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Foods That Fight Winter Depression

When long nights bring on a long face, this can mean seasonal affective disorder (SAD). Here are some tips to help fight off the winter blues.

By Jean Lawrence
WebMD Feature

Reviewed By Michael Smith

The winter blues can leave you not only feeling down in the dumps, but they can also send you rummaging for sweets. Don't get caught up in this vicious cycle.

Seasonal affective disorder, or SAD, is a form of depression that affects 25 million Americans, mostly women. Much research has been done on this mysterious disorder.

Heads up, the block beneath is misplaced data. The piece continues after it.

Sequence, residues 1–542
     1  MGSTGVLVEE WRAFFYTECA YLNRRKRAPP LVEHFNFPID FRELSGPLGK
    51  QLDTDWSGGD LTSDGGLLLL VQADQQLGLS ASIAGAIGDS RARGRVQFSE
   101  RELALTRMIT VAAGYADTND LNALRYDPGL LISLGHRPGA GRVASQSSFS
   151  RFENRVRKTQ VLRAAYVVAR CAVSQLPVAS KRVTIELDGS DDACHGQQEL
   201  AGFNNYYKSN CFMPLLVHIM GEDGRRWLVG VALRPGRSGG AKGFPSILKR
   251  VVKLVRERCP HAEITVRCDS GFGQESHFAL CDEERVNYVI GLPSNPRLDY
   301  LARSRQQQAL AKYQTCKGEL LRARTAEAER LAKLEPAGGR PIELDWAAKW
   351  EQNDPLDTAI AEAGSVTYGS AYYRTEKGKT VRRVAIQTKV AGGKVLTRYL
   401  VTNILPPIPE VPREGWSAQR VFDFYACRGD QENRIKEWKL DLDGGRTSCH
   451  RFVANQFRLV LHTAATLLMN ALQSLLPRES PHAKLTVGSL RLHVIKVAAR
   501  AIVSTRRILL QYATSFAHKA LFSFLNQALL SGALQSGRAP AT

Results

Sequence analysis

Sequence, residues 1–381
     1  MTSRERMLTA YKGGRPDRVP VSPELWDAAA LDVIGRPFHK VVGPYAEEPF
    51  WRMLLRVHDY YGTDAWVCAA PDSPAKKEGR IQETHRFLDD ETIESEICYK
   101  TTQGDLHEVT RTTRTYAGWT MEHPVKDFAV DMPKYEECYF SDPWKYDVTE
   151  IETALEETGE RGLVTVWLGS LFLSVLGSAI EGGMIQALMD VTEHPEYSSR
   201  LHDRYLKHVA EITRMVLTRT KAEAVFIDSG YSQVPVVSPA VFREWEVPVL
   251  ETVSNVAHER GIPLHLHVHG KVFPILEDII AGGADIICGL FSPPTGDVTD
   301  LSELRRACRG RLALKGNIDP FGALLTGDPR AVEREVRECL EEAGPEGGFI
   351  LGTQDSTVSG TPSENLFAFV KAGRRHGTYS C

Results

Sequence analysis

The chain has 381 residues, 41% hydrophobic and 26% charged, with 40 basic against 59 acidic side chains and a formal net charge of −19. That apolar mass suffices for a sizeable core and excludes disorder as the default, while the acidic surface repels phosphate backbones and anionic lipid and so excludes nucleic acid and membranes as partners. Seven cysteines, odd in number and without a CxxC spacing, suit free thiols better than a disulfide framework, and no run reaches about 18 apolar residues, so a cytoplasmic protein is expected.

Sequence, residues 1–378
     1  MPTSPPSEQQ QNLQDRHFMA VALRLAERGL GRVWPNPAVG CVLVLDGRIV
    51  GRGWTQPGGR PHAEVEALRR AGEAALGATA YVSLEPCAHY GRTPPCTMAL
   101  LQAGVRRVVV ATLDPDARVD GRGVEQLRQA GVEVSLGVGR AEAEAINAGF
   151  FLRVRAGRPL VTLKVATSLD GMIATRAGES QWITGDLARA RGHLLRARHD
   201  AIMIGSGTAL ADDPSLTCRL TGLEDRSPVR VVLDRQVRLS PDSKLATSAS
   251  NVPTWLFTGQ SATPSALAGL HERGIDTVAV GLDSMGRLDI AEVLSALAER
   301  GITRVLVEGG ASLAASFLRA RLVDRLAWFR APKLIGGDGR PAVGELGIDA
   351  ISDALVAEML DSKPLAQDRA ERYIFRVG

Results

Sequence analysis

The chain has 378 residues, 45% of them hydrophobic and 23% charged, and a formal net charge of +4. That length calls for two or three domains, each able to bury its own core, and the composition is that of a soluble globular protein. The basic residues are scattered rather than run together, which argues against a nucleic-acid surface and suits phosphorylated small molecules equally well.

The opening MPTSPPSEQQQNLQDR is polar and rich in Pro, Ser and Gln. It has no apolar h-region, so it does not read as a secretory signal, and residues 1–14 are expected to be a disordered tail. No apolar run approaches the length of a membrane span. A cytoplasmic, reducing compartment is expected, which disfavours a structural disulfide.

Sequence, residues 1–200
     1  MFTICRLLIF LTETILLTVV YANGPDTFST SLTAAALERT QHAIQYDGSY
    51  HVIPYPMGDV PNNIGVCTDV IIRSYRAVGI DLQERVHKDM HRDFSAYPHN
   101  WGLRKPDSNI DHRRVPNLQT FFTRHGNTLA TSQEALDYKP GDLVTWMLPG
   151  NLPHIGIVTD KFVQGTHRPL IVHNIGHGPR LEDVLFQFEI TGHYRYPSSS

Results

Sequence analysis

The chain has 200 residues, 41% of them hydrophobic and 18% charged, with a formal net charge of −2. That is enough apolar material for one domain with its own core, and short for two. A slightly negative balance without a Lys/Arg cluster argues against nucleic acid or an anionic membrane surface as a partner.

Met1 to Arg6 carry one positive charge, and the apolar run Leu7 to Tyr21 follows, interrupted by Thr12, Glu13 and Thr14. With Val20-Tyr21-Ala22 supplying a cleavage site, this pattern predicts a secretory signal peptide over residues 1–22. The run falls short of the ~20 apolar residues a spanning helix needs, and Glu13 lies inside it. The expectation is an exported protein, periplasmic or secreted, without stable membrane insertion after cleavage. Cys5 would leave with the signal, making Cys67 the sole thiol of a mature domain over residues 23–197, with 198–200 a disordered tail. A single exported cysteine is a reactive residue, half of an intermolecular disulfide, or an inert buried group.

In somewhat of a simplification, the lack of light in wintertime can result in lower levels of serotonin, the mood-enhancing chemical that regulates hunger and the feeling of well-being.

Serotonin production increases with light, meaning that gray gloom creeping in the window is not kicking the production of feel-good chemicals into action.

Some symptoms include depression, marathon napping, low self-esteem, obsessiveness over little things, irritability, shyness, and panic attacks. People with seasonal affective disorder may also sleep poorly (although for many hours), partly because they don't have enough serotonin to convert to the sleep substance melatonin.